Due: Upload on Avenue before class and bring a copy with you to class
Each worth: 3%
Total Value: 10 x 3 = 30%
Policy on Missed Work, Extensions, and Late Penalties:
Late papers. Your assignment is considered late if it is not handed in at the start of class on the day it is due. Late papers will be penalized 5% per day.
Please Note the Following Policies and Statements:
You are expected to exhibit honesty and use ethical behaviour in all aspects of the learning process. Academic credentials you earn are rooted in principles of honesty and academic integrity.
Academic dishonesty is to knowingly act or fail to act in a way that results or could result in unearned academic credit or advantage. This behaviour can result in serious consequences, e.g. the grade of zero on an assignment, loss of credit with a notation on the transcript (notation reads: "Grade of F assigned for academic dishonesty"), and/or suspension or expulsion from the university.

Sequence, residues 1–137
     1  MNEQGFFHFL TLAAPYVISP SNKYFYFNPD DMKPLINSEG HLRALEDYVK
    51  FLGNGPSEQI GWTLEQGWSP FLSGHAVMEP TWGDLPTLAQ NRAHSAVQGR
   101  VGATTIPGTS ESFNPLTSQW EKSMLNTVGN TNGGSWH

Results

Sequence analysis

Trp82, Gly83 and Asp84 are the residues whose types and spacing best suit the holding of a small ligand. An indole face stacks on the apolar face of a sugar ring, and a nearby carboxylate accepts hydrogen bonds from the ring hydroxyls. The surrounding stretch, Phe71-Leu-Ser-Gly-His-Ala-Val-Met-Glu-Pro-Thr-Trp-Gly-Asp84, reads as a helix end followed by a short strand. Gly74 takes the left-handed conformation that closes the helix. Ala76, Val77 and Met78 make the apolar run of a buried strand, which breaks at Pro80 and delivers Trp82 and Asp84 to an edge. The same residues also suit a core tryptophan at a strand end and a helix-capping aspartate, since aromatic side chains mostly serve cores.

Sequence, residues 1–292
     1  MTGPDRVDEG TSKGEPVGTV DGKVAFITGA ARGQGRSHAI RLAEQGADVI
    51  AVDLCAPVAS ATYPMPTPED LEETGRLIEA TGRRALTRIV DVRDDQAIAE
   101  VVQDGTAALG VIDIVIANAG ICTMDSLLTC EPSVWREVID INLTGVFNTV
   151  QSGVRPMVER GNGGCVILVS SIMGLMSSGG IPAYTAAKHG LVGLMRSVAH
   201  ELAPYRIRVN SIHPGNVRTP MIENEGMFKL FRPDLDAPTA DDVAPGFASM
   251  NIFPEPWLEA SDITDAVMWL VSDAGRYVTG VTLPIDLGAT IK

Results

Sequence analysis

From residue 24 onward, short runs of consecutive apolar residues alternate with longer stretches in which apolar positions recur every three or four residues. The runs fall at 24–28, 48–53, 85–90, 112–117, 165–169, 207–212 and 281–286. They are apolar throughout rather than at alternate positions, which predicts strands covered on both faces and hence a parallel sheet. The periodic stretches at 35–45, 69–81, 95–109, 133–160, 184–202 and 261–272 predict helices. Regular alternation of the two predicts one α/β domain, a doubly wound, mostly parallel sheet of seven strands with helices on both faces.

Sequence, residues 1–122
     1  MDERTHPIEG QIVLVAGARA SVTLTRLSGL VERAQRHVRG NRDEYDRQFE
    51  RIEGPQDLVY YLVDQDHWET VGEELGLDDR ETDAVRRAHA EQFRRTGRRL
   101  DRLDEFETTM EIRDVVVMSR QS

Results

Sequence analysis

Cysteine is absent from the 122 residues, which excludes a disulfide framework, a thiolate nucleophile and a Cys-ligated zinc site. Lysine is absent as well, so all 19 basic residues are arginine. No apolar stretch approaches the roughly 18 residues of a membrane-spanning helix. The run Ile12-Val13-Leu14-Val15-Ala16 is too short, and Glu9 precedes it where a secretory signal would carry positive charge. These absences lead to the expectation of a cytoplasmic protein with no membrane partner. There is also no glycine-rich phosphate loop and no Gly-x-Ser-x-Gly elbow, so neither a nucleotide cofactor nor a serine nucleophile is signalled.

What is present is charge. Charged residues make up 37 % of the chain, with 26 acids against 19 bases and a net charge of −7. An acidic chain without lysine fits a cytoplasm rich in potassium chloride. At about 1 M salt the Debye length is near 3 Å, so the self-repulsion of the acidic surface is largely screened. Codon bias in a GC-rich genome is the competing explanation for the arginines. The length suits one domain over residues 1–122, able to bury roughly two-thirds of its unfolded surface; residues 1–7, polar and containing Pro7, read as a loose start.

It is your responsibility to understand what constitutes academic dishonesty. For information on the various types of academic dishonesty please refer to the Academic Integrity Policy, located at www.mcmaster.ca/academicintegrity
The following illustrates only three forms of academic dishonesty:
- Plagiarism, e.g. the submission of work that is not one’s own or for which other credit has been obtained.
- Improper collaboration in group work.
- Copying or using unauthorized aids in tests and examinations.
Email correspondence policy
It is the policy of the Faculty of Humanities that all email communication sent from students to instructors (including TAs), and from students to staff, must originate from each student’s own McMaster University email account. This policy protects confidentiality and confirms the identity of the student. Instructors will delete emails that do not originate from a McMaster email account.
Modification of course outlines